Intracellular ROS was measured using a non-fluorescent probe, 2, 7, Dichlorofluorescein Diacetate (DCFH-DA) that can penetrate into the intracellular matrix of cells, where it is oxidized to fluorescent dichlorofluorescein (DCF) as previously reported (18). Cells (1x105cells/well) were seeded in 6 well plates and treated with ILF (10µM) and/or rotenone (100nM) and kept in a CO2 incubator for 24 h. After 24 h of incubation, 1 ml of cell suspension was incubated with100µl DCFH-DA for 10 min at 37°C. Fluorescent intensity was measured with excitation and emission filters set at 485 ± 10 nm and emission wavelength 530 ± 10nm, respectively using Shimandu Rf-5301PC Spectrofluorimeter. Images were captured by fluorescence microscope.
3.4.2. Change in mitochondrial membrane potential (Δψm)
The Δψm was determined by the incorporation of a cationic fluorescent dye Rho-123 as previously described (19). Cells (1x105 cells/well) were cultured in 6 well plates and treated with ILF and/or rotenone and then they were incubated with fluorescence dye Rho-123 for 30 min at 37°C after 24 h. The Δψm was evaluated qualitatively under a floid cell imaging station (Invitrogen, USA). The fluorescence intensity was analyzed at wavelength at 480/530 nm under spectrofluorometer.
3.4.3. Detection of apoptotic cells with AO/EB staining
The Acridine orange (AO) and Ethidium bromide (EB) staining were used to detect apoptotic cells based on the method of affirmation (27). The cells (1x105cells/well) were cultured in 6 well plates followed by the treatment with rotenone 100nM and/or ILF 10µM for 24 h. The cells were fixed in methanol: glacial acetic acid (3:1) for 30 min at room temperature. The cells were washed in PBS, and stained with 1:1 ratio of AO and EB. Stained cells were immediately washed again with PBS and viewed under floid cell imaging station (Invitrogen, USA). The number of cells showing feature of apoptosis was counted as a function of the total number of cells present in the field.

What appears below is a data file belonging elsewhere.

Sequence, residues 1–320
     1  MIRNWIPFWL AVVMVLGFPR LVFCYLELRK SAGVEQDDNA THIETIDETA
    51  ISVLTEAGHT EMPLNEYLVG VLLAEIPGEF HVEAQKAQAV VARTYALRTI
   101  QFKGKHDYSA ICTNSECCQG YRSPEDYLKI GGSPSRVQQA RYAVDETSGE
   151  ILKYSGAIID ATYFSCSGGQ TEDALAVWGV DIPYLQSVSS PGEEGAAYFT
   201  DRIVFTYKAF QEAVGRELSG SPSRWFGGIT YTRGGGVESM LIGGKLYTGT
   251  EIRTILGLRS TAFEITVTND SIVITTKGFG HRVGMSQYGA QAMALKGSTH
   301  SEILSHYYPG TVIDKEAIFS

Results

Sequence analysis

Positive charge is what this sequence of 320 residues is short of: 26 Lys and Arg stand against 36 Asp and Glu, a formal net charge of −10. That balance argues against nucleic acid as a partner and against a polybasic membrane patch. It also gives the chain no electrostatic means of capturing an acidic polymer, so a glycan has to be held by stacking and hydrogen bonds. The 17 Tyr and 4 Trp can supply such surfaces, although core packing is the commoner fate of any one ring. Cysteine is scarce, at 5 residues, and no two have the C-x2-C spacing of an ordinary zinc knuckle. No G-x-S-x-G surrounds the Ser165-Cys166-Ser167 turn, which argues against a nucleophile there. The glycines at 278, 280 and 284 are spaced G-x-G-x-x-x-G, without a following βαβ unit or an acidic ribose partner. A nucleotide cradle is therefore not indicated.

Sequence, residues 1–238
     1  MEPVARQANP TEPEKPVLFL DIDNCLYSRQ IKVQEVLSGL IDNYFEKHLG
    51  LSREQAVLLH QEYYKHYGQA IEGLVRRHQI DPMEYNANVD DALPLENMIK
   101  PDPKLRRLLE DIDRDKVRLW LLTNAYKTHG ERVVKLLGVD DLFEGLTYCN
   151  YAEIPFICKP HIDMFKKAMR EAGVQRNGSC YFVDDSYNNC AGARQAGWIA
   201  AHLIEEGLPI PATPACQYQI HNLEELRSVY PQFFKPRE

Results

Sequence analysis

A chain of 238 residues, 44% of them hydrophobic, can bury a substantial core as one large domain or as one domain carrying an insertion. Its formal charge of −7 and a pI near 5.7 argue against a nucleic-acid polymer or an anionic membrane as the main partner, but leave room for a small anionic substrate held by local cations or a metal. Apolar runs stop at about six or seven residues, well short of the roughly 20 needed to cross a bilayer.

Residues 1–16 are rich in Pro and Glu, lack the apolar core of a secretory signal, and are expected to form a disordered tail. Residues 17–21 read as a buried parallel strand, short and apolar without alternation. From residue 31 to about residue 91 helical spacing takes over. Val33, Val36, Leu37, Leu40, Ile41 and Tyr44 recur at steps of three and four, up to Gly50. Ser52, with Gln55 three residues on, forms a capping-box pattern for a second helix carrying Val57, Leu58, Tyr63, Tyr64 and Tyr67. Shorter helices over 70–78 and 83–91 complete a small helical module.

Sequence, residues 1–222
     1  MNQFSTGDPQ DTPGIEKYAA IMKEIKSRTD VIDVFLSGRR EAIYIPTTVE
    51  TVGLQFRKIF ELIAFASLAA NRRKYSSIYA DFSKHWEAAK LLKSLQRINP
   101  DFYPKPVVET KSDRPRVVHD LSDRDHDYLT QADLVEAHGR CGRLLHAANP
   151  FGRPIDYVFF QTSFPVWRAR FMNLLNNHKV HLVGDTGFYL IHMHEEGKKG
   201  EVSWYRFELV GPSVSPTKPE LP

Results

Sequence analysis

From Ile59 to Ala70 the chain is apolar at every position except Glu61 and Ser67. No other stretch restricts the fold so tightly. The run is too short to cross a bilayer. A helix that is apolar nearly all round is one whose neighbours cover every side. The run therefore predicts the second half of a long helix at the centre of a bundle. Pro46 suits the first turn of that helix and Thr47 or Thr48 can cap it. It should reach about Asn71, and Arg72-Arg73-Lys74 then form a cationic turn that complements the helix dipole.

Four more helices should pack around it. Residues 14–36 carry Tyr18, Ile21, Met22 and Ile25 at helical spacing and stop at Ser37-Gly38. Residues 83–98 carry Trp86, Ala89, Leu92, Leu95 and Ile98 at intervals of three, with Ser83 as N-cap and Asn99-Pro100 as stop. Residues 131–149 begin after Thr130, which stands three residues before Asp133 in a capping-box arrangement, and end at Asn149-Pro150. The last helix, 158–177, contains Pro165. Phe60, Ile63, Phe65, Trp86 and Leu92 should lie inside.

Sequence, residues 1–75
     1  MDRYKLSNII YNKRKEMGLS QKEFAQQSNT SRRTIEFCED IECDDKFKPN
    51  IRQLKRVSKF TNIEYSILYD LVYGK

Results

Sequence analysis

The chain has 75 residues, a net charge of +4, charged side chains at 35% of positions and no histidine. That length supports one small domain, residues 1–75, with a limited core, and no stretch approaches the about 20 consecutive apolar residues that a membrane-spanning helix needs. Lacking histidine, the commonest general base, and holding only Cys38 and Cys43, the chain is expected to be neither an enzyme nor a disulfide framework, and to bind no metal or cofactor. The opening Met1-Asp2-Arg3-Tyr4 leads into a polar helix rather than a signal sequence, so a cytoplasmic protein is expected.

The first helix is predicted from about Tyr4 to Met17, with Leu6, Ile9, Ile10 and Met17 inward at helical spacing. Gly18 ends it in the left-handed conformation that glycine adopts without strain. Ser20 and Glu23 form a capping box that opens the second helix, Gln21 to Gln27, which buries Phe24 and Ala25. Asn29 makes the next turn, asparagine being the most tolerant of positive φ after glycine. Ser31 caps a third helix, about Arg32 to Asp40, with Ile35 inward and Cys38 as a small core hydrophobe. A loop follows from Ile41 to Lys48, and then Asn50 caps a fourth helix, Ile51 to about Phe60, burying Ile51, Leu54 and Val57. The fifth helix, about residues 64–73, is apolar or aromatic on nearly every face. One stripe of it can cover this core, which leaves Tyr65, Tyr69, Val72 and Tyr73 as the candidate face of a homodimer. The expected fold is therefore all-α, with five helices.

3.4.4. Nuclear staining with DAPI
DAPI staining was performed, as previously described (20). SH-SY5Y cells (1x105 cells/well) were seeded in 6-well plates. After treatment, the cells were fixed with 3% methanol at room temperature for 20 min. Cells were then stained with 1µg/ml DAPI solution for 30 min in the dark. The nuclear morphology was visualized by using floid cell imaging station (Invitrogen, USA).
3.5. Biochemical Analysis
3.5.1. Estimation of lipid peroxidation products and antioxidants